Description This work is by the last great Muromachi Period (1392–1573) ink painter, Sesson Shukei. Sesson was a Zen monk of the Soto sect who excelled at the Chinese-inspired ink painting style made famous by his predecessors Shubun and Sesshu. Born Satake Heizo in Hitachi, he crafted his artist's name from the characters of these two earlier artists' names in an effort to situate himself as the next painter in their lineage. Sesson's works stand as iconic presentations of the Chinese style as imagined by the Japanese artists of the 16th century. He served as the figure whose works most directly transmitted the styles of the 15th century through the 16th century and passed it on to the later ink painters of the 17th-century Edo period. This pivotal role is today represented by fewer than twenty surviving works. The subject of this handscroll is firmly rooted in Chinese tradition. The 11th century Song Dynasty Chinese government official Song Di created a series of eight poetic reminiscences recalling the rural beauties of an imagined China. In Japan this subject is known as Shosho hakkei. It inspired many popular sets of eight views of Japanese locations both real and imagined. Sesson depicted the eight scenes in the following order: 1. Mountain Market: Clearing Mist (????) 2. From the Far Shore: Sailboat(s) Returning Home (????) 3. Dongting Lake: The Autumn Moon (????) 4. Xiao Xiang: Night Rain (????) 5. Misty Temple: Evening Bell (????) 6. Fishing Village: Evening Glow (????) 7. Level Sand: Wild Geese Descend (????) 8. River and Sky: Sunset Snow (????) Each scene depicts a fanciful riverside with small figures engaged in fishing, traveling, and walking across the countryside. Sesson chose to paint these scenes in an abbreviated form that relies heavily on the calligraphic brushstroke to convey the essential elements of each view.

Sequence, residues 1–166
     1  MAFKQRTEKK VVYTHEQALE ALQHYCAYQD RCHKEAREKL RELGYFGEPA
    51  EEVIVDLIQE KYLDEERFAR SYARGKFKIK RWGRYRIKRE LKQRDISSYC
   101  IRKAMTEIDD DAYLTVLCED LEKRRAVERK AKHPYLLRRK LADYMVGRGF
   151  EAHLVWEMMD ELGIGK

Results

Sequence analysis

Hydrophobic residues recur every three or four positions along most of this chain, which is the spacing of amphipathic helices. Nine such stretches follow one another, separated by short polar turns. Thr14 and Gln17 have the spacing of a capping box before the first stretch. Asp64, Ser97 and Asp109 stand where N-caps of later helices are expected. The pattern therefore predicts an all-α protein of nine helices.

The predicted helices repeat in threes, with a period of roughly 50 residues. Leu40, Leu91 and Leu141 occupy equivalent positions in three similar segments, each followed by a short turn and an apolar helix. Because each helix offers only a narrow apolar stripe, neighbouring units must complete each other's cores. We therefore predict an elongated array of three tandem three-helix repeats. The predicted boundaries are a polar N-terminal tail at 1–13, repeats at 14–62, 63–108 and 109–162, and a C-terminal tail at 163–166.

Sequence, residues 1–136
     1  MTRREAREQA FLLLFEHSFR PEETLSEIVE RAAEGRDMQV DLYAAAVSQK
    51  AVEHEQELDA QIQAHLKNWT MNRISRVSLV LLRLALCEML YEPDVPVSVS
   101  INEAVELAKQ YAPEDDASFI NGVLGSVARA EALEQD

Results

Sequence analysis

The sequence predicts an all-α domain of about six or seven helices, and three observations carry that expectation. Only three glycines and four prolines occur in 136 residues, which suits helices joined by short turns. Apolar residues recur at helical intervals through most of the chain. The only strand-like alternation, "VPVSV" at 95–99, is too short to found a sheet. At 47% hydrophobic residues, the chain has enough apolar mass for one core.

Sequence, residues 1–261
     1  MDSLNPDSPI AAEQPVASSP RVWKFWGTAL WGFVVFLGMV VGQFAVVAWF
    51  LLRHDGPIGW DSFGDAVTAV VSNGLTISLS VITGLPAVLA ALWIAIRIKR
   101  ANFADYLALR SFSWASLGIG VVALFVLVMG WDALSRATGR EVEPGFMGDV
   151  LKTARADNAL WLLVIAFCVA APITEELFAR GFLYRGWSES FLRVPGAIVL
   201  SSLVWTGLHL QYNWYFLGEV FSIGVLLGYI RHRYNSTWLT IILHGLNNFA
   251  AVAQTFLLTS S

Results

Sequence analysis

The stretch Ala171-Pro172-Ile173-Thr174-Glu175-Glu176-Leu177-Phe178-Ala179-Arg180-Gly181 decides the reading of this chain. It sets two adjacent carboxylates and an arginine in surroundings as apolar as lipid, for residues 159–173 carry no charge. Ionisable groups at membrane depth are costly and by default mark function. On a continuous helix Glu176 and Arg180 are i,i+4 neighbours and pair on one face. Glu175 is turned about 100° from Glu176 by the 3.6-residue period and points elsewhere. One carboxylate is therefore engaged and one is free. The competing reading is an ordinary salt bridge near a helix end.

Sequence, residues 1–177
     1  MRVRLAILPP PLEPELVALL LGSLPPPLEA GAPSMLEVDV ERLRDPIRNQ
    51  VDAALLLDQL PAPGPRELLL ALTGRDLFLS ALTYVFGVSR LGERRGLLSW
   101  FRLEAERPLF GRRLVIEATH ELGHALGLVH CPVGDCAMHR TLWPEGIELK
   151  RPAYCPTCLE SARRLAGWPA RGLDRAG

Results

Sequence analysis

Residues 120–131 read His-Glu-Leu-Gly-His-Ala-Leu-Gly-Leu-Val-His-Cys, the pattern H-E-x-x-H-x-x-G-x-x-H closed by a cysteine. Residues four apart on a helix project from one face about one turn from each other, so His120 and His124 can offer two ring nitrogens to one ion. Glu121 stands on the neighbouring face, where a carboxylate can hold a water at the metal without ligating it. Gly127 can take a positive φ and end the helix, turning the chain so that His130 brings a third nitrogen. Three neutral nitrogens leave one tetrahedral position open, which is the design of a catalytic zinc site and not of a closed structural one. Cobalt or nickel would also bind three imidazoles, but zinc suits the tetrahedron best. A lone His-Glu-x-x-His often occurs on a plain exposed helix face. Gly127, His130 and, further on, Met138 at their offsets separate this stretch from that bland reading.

Provenance Taisho Period Auction, Kyoto, Japan, 1920; purchased by Sano Family, Tokyo Japan, 1920; purchased by Mizutani Shoichiro, Kyoto, Japan, 2011; purchased by James Freeman, Bangkok, 2012; purchased by Walters Art Museum, 2013.
Credit Museum purchase by exchange, 2013
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